Perhaps you need to upskill your agents or improve forecasting and scheduling of support staff. Or maybe you need to provide intelligence fundamentals: searchable knowledge bases, customer records with the history of previous conversations, employee collaboration to share information quickly. (Hint: tools such as Casengo can help you with this. It’s not rocket science.) And do you already provide multiple channels for customers to flexibly get support in the method that works best for them? (You should. We no longer live in the 20th century. Just give Casengo a go.)
3. The Money Nightmare
WHAT THEY SAY: Uhm, there seems to be something wrong with my bill.
WHAT THEY MEAN: You overcharged me. Again. What’s wrong with you guys? I hate you! (And I’ll be sure to put that on Twitter, too.)
Sometimes additional charges mistakenly appear on a customer’s invoice. At times, the charges are warranted – but the naming on the invoice only makes sense to internal staff. Yet frequently enough, it’s money charged by companies employing fine-print tactics to extract more money from their customers. Instead of disputing the charges, consider changing the way costs are represented on the invoices you send to your customers, with clear categories and naming conventions so everyone can understand it. And offer up-front, clear advice on fees and charges. No more small print; respect your customers.
4. The Delivery Nightmare
WHAT THEY SAY: Where’s my stuff?
WHAT THEY MEAN: If you promise next-day delivery, deliver the next day! So why don’t you?! I hate you! (And I’ll be sure to put that on Twitter, too.)
A lot of online shops are great at indicating delivery time, or enabling people to track the shipment of their order. So when there’s a complaint about a delivery being late, it’s probably not just a confused customer. Look for the very source of the problem, which might be bigger than this single customer knows. Is your logistics company adhering to agreed SLAs? Or perhaps there’s a technical issue in the API call from your ordering system to the warehouse? Promoting next-day delivery is misleading if people don’t realize they have to select this option at the checkout and pay extra for it.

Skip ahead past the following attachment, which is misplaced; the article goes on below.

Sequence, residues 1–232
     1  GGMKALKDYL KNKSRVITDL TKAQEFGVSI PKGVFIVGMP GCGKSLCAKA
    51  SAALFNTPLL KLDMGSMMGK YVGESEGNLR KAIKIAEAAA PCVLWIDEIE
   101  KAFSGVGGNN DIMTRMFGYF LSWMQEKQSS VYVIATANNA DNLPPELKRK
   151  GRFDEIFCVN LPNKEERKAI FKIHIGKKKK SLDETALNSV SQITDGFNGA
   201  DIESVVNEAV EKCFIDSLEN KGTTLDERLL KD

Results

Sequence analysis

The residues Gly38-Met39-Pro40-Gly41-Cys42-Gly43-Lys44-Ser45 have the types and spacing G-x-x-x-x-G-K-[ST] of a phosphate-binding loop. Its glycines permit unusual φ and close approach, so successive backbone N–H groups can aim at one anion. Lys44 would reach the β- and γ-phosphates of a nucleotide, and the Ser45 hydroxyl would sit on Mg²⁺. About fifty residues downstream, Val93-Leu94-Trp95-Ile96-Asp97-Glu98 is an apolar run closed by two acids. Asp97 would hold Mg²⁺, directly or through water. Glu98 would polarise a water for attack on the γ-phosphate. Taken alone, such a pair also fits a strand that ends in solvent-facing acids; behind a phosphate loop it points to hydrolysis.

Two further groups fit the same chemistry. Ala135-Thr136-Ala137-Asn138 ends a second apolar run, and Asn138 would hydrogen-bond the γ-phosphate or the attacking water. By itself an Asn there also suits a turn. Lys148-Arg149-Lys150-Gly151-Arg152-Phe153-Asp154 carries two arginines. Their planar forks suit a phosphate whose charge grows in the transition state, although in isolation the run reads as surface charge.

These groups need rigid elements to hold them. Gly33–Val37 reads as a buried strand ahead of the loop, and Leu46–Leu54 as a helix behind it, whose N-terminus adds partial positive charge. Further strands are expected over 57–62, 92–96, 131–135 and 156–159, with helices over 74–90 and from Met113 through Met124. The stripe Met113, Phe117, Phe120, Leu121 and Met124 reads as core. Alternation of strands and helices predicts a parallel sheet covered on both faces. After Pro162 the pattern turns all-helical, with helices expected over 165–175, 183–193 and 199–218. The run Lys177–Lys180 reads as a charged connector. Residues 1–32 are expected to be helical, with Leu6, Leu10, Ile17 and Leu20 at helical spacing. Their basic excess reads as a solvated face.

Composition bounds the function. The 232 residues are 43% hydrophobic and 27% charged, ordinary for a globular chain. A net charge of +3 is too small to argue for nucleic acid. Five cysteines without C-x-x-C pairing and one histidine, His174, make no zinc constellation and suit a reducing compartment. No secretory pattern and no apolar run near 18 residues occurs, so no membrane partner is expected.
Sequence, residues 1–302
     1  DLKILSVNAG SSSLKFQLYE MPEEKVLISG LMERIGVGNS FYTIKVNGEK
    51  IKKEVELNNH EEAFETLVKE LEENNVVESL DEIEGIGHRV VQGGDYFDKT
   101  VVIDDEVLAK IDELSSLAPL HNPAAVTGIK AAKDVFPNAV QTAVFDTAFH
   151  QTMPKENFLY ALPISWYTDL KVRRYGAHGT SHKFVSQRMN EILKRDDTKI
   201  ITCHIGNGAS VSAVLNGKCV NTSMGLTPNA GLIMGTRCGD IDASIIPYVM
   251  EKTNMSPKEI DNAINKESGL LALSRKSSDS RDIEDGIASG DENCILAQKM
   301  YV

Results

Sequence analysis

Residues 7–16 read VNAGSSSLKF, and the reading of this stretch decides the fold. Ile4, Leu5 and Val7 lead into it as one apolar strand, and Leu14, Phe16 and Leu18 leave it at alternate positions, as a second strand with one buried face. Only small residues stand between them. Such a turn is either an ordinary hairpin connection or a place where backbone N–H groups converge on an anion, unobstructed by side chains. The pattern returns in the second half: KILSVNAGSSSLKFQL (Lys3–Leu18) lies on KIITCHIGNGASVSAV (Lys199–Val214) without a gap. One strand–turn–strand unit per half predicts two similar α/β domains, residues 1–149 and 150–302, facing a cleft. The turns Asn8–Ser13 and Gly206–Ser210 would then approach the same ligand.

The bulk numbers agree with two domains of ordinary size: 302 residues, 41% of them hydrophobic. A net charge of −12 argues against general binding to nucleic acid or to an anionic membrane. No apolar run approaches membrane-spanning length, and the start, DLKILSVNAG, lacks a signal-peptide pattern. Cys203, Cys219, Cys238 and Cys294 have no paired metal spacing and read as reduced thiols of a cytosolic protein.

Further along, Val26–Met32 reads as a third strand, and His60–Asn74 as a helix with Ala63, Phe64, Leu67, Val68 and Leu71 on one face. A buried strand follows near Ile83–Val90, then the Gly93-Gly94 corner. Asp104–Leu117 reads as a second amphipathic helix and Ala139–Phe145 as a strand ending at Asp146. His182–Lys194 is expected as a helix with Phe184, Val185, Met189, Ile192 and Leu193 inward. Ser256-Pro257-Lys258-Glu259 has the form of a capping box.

5. The Disappointment Nightmare
WHAT THEY SAY: This doesn’t seem to be what I ordered.
WHAT THEY MEAN: This product is disappointing! Why did you trick me? I hate you! (And I’ll be sure to put that on Twitter, too.)
Okay, a product or service can’t be everything to everybody. You can’t please them all. But if refund requests or complaints exceed the average, ask yourself whether you are perhaps setting wrong expectations for the product or service. Are your promotions not misleading, is the product/service description accurate, do all of your products/services reflect the brand image you’ve created? If not, change something – whether that’s the product, or the branding.
All too often, companies dismiss their customers’ complaints without a second thought, as long as the situation has been diffused. This is a valuable opportunity lost. Customers who take the time and effort to complain are far more interested in your company than the many, many more who didn’t voice their disapproval, but simply walked away. If they took the time to complain, you should take the time to investigate the root cause of their frustration.